Thursday, March 28, 2013

making it possible to swim / his way out of Compton

Jefferson basketball talk.JPG

The gym had changed since the days Denmark Reid averaged 23 points a game for Jefferson High School. So had his jumpshot. But Reid and Mitchell Jackson played as if they were boys Friday night, trading shots with a girls-sized ball.

"That's OK, my hands are small anyway," Reid, a former shooting guard, said before sinking a three-pointer.

In the early 1990s, the men played on powerhouse Jefferson teams that led the city in scoring. Their lives diverged after they left that court.

Reid went on to play college ball then settled back in Portland. But Jackson never had the precision his best friend did -- he sold drugs instead. After a prison stint, he changed his course. He graduated from Portland State University then moved to New York City, where he works as a writer and professor.

They came together last week to shoot footage for Jackson's documentary, a film that will accompany his forthcoming novel, The Residue Years. In a two-hour session, Reid, Jackson and current Jefferson coach Pat Strickland talked about the good old days, the legends who never became great, the games they almost won.

"Basketball was it for me," Reid told Jackson. "It gave me options.

Jackson wore a decidedly New York get-up -- a black shirt buttoned to the neck and a pair of gray, fashion-forward slouchers that vaguely resembled sweatpants -- an avant garde uniform that did not go unteased. But Jackson and Reid are cut from the same cloth, 30-somethings reared on basketball and a particular North Portland flavor that has influenced the rest of their lives.

More than 80 percent of the neighborhood around Jefferson High School was African American in the 1990s. Today, less than half is.

But young black men still suit up in Democrat blue, hoping that ball will lift them somewhere else. So much so that a Nike film crew spent the winter documenting the team's season, ending with its 5A state championship.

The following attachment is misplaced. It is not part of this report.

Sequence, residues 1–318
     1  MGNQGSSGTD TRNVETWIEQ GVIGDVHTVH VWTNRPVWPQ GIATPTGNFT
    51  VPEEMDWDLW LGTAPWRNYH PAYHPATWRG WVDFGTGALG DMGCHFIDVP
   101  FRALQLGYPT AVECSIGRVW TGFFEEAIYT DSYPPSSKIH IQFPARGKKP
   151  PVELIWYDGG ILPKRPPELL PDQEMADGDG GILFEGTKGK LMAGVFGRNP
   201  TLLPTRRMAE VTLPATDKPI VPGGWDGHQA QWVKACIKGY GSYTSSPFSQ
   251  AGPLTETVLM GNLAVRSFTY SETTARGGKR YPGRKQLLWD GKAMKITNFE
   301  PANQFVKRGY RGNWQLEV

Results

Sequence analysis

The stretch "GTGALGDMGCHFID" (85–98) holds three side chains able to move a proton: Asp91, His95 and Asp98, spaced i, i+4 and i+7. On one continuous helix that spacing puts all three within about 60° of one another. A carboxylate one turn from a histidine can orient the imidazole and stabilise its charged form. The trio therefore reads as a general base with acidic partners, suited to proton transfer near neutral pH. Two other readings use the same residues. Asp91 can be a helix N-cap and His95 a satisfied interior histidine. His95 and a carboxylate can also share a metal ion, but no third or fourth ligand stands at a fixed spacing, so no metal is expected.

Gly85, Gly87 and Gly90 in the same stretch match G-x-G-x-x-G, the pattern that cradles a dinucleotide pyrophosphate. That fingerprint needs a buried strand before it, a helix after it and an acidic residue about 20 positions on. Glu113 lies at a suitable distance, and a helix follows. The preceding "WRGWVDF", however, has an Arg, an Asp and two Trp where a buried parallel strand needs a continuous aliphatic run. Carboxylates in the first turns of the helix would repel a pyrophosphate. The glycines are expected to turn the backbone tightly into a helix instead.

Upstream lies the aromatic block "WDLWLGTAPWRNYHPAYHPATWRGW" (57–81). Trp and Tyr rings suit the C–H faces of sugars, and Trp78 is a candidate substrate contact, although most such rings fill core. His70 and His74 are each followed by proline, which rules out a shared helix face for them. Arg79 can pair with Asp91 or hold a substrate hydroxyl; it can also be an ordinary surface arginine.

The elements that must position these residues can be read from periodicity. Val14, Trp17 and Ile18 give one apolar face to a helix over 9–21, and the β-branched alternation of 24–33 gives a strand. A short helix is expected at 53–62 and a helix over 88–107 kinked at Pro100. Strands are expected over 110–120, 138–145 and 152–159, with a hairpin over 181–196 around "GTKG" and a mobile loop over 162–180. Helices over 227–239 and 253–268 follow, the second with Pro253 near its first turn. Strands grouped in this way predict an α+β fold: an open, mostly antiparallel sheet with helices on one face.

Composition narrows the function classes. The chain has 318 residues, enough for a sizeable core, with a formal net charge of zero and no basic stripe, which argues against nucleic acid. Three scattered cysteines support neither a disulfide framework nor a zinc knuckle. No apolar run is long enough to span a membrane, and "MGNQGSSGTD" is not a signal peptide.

"If you walked into the street today and asked any kid, they would say they want to play in the NBA," said Strickland, the state's 5A coach of the year.

Basketball was the reason Reid never joined a gang. Basketball was the reason he earned a degree. Reid played only three years at Jeff, but he is third on the school's all-time points list. When he graduated in 1993, his SAT score kept him out of the University of Portland. His 1,490 career points at Jefferson earned him a scholarship to New Mexico State instead.

"Without basketball, there's no telling where I would have been," Reid said. "I just wasn't the smartest guy in the room."

Scouts started following Reid as a middle schooler hooping at Beaumont Middle School. Back then, students could attend any school to play ball, and newspapers covered Reid's decision as if it were LeBron choosing Miami.

But none of the glory, even the later glory of averaging double digits in a Division 1 season, compared with the North and Northeast Portland park games, Reid said.

"Back then, you got your grit in the park," Strickland agreed. "Kids today don't have that park grit. The superstars today are prima donnas. They say, 'That asphalt would hurt my knees.'"

The three were playing in Peninsula Park in 1997, the day Jackson was busted for selling crack.

"What were you thinking when you learned I was slinging dope?" Jackson asked Friday.

"I was in a state of shock," Strickland said. "Square-bear Mitch? This dude is like Urkel, and he's out here doing this?"

Crack was always around the neighborhood then. Jackson's mother used, too. But that wasn't supposed to be Jackson's story, Reid said, because Jackson, now 37, could always write.

He was a decent shooting guard -- "You shot 21 against Benson, but it should have been 50," Reid reminded him -- but he shined in the classroom. The drug charge was shocking. The book deal with Bloomsbury was not.

When it came time to pen his first novel, Jackson called Reid for details. The former star works at Cascadia Behavioral Health now. He has the memory of an elephant. He remembers every stat, every ball that bounced off the rim.

Tell me about the old legends, Jackson said. For hours, they talked about all the hoopers who went through Jefferson. Some ended up in jail. Division 1 dreams disappeared with drugs. A few went to college.

"We were the lucky ones," Reid said.

Then he picked up a ball, headed to center court and shot. Jackson had words, the kind of poetry a publisher noticed, but this was still their language.

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